Zelaya's return to Honduras appeared to catch the U.S. off guard, and Secretary of State Hillary Clinton and other top officials appealed for both sides to avoid actions that could precipitate violence.

Clinton, in New York for meetings at the United Nations, conferred with Costa Rican President Oscar Arias, who's tried to mediate a solution to the standoff. Arias told reporters he's ready to return to Honduras if necessary to resume negotiations.

While Zelaya's sudden return home has raised the prospect of renewed violence, Arias told Clinton "this actually provides an opportunity" because the Honduran leader's demand to go back to Honduras has been one of the main "impediments" in the stalemated talks, said State Department spokesman P.J. Crowley.

Clinton, who conferred by phone with Brazil's foreign minister, Celso Amorim, and other U.S. officials do not know how Zelaya snuck back into the country, Crowley said.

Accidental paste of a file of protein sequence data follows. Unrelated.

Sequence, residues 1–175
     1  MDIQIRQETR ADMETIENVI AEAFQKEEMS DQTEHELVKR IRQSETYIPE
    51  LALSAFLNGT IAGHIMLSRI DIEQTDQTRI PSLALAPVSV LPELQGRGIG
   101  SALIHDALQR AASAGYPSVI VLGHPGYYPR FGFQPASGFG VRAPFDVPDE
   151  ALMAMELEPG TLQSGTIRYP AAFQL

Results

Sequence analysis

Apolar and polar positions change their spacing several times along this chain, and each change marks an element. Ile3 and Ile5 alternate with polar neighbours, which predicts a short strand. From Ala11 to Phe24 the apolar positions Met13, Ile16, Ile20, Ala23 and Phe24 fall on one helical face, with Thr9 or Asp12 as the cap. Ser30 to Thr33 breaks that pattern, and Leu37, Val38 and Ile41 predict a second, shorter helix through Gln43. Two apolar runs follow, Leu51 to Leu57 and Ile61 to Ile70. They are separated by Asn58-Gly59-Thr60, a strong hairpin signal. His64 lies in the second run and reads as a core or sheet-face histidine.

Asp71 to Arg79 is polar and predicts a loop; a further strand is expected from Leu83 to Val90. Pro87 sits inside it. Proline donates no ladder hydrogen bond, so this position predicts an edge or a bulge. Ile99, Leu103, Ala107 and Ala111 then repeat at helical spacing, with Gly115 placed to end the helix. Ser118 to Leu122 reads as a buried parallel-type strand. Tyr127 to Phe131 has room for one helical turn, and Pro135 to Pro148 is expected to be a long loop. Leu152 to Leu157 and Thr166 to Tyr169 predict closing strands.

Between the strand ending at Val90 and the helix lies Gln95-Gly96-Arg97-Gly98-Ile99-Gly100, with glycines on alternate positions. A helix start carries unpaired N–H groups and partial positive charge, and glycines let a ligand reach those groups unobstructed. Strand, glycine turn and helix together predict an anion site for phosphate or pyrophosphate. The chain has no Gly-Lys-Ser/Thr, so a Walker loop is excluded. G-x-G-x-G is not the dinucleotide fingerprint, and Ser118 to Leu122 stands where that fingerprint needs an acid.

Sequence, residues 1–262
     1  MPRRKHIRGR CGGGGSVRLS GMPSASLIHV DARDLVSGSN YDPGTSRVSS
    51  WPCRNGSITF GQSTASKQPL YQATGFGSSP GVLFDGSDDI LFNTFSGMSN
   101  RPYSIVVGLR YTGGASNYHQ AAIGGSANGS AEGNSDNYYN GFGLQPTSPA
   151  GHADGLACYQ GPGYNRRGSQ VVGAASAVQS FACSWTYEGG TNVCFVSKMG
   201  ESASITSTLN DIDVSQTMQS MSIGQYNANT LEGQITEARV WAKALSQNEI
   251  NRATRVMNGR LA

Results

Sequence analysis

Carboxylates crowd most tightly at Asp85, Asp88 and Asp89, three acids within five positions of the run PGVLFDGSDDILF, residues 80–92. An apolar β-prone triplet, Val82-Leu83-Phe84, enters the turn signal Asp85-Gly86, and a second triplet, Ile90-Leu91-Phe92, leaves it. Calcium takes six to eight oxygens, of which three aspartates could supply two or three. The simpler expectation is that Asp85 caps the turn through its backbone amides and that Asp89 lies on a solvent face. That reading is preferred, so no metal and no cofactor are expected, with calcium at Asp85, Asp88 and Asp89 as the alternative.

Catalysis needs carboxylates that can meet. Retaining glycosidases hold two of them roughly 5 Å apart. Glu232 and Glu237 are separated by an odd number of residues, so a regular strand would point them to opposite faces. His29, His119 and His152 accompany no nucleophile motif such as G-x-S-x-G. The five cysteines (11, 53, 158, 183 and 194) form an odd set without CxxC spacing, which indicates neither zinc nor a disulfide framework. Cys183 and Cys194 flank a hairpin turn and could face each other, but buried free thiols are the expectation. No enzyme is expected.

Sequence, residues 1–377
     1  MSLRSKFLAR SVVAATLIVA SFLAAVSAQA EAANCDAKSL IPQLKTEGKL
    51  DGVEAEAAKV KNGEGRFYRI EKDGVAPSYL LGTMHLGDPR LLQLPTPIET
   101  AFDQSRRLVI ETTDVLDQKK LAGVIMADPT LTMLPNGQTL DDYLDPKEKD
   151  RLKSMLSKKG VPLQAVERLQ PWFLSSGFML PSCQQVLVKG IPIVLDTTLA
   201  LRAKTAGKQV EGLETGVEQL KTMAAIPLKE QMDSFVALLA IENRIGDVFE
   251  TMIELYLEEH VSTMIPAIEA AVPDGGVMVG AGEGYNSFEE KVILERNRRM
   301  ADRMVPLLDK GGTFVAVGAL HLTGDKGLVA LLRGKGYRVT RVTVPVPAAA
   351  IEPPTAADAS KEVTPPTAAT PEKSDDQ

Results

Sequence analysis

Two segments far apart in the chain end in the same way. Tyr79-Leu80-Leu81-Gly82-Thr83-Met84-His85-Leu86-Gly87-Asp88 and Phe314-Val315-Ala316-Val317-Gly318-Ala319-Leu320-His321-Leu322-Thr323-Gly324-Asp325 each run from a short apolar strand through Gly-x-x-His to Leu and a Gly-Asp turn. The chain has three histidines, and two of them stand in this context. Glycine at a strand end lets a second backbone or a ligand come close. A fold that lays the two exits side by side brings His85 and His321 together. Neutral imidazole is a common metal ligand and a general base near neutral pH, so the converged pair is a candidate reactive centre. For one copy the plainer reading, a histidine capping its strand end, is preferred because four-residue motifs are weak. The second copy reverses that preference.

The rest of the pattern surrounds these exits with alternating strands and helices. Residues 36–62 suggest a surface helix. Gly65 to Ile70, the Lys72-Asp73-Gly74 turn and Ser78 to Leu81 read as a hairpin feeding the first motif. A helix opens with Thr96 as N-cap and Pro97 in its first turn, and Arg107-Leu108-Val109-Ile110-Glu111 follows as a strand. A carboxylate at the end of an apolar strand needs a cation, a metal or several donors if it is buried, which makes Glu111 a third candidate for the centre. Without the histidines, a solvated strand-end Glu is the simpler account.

Amorim said Monday that Brazil got word of Zelaya's request to enter its embassy in Honduras only 40 to 60 minutes before he arrived. "They told us that President Zelaya was in the immediate area, they asked us if he could come to the embassy and we gave the authorization," Celso said in New York.

Among those who celebrated Zelaya's return was Venezuelan President Hugo Chavez, his closest ally. Chavez had lent the exiled Zelaya a government airplane while he traveled throughout Latin America to rally foreign leaders.

"President Manuel Zelaya, along with four companions, traveled for two days overland, crossing mountains and rivers, risking their lives," Chavez announced. "They have made it to Tegucigalpa."

"The coup mongers should surrender power peacefully!" Chavez told Zelaya by telephone as he spoke live in Venezuela. "I congratulate you for your heroic act . . . and the Latin American people admire you!"

Chavez promised to call other Latin American presidents to organize their support.

No one seriously expects Micheletti to heed Chavez's demand that he resign, and Zelaya's return threatens to disrupt the election of Honduras' next president, scheduled for Nov. 29.

The two leading candidates are Porfirio "Pepe" Lobo of the conservative National Party and Elvin Santos of Zelaya's Liberal Party.